Running Time:  95 mins.                      Rating: x Stars/5 Stars

MPAA Rating: R

Director: Ben Lewin

Genre: Drama

Country: USA

Language: English

Distributor: Fox Searchlight

Cast: John Hawkes, Helen Hunt, William H. Macy, Moon Bloodgood, Annika Marks, Adam Arkin, Rhea Perlman, W. Earl Brown, Robin Weigert, Blake Lindsley, Ming Lo, Rusty Schwimmer


If you were a male American in the 1950s you were likely to be frustrated.  In the last decade before the introduction of the birth control pill and, more important, the liberation movement of the late Sixties, most women did not agree to “all-the-way” sex.  They believed that by “giving in” to the men, as the women saw the act, the men would brag about the experience, women would feel cheap, and most of all, the men would not bother calling again or even thinking of proposing marriage.

How things have changed!  Nowadays virginity is looked upon without particular favor by most in both genders, men might stop calling not if women “gave in” but rather the opposite, and marriage proposals are more likely if healthy sex is practiced as this would lead to greater and deeper affection.

Generalities, sure.  But in the case of Mark O’Brien, whose article in The Sun magazine May 1990 “On Seeing a Sex Surrogate” inspired Ben Lewin’s narrative film, the author’s release from the prison of virginity at the age of thirty-eight encourages him to seek a permanent relationship and delivers great joy to his life.  But Mark is not like Steve Carell’s Andy in Judd Apatow’s THE 40 YEAR OLD VIRGIN.  He has had no sexual experience until then only because he acquired polio at the age of six after which he is condemned to spend his life in an iron lung, immobile, dependent on the machine for air and on caretakers for basic survival.  In other words he is much like the character Jean-Do in Julian Schnabel’s THE DIVING BELL & THE BUTTERFLY.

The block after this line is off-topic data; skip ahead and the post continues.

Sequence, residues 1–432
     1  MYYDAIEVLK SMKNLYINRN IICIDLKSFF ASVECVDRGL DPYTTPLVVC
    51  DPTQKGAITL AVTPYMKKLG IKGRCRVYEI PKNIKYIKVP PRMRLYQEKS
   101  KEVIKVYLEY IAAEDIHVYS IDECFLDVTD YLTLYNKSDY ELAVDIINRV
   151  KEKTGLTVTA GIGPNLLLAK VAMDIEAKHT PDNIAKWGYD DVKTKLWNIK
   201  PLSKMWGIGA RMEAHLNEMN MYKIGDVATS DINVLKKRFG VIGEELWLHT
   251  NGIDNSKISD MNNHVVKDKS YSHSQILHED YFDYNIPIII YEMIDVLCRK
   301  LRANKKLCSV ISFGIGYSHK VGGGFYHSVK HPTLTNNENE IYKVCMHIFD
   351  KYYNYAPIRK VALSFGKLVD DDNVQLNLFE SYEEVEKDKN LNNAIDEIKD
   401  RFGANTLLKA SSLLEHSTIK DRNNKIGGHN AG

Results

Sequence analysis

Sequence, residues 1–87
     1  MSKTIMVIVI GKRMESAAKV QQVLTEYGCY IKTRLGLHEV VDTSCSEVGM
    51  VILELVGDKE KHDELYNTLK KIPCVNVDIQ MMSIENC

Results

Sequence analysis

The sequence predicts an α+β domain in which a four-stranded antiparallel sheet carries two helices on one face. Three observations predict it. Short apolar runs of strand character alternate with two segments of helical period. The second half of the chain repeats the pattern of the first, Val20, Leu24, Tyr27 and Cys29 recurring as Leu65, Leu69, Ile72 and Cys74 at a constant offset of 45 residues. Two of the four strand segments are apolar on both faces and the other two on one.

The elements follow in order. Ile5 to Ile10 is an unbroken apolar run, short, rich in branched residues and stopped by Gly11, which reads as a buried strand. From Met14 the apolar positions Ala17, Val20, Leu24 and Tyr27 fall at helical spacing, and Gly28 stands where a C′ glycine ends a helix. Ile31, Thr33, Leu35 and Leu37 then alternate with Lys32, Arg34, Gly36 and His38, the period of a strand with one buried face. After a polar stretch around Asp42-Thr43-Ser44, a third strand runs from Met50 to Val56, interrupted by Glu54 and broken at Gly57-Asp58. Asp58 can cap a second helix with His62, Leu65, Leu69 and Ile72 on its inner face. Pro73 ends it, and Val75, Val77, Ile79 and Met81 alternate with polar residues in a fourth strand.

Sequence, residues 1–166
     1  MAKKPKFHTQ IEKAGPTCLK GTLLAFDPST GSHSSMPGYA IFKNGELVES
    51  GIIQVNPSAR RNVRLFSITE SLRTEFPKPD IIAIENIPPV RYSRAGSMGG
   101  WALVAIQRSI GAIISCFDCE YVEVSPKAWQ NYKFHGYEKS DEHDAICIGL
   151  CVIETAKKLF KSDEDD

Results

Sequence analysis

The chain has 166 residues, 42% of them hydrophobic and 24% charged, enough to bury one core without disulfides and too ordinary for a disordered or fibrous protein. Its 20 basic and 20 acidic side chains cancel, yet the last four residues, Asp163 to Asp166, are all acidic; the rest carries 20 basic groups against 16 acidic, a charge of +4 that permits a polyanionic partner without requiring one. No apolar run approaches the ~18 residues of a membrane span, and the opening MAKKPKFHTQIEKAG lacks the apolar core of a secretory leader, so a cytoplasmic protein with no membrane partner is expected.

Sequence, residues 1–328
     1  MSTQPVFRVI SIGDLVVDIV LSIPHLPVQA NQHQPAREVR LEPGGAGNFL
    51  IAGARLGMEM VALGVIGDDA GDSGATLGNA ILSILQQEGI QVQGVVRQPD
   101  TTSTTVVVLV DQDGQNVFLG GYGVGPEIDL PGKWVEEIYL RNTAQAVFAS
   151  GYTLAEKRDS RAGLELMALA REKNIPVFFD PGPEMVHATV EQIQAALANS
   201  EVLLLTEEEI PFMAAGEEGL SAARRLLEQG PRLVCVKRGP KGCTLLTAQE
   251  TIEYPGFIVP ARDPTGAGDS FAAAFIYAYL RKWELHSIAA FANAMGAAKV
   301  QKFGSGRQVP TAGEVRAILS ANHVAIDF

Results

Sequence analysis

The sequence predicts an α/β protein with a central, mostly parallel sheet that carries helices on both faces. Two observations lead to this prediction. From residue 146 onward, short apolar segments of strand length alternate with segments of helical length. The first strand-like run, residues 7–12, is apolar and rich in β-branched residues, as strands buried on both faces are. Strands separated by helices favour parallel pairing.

The film is on a higher level than you might find on TV’s Hallmark Hall of Fame, nor would the practices illustrated be nearly so explicitly shown on that program.  To underline the idea that sex is a normal, human drive that should not be repressed, THE SESSIONS exhibits a range of sexual activity that could never be described as porn but which involves full frontal and back nudity by a major American actress.  The result is a heartfelt drama with considerable comedy, with the principal male role so endearing that we in the audience could easily understand how a woman might want to be his lifelong partner despite his profound disability.  It is a lovely story to watch.

Mark O’Brien (John Hawkes) takes an interest in sex in his late thirties while under the care of the beautiful Amanda (Annika Marks), a desire that he had repressed because of his Catholic upbringing, his guilt in thinking erroneously that he was responsible for the death of his seven-year-old sister, and his belief that nobody would want to couple with such an invalid.

He confesses to Father Brendan (William H. Macy) that he has “impure” thoughts.  Brendan, after seeking guidance from on high for just a moment—after first brushing away the idea as “fornication”—tells his parishioner to “go for it,” after which Mark gets in touch with both a sex therapist and with Cheryl Cohen Green (Helen Hunt), a sex surrogate who has “nothing against prostitutes” but notes that she limits her sessions to six.  Each time that he is wheeled to her at a motel by Vera (Moon Bloodgood), his assistant who had taken over after Amanda is scared away by her boss’s proposal of marriage, Cheryl goes step by step into the process of ending the man’s virginity, a slow procedure since he is at first terrified.

Among the humorous commentary from Mark are his views that he believes that God has a sense of humor, and that his religion allows him to blame someone all-powerful for his troubles.   As translated to the screen from Mark’s poetry and particularly from his article “On Seeing a Sex Surrogate,” director Ben Lewin, himself a largely recovered victim of polio, puts across the story without excessive schmaltz, evoking from John Hawkes a performance that lets us into his hopes and fears, as the cliché goes.   Helen Hunt’s natural performance as an avatar of sex without guilt makes THE SESSIONS the kind of film that I would have liked seeing ten times in the 1950’s—each time with a different girlfriend.


If you like this recommendations: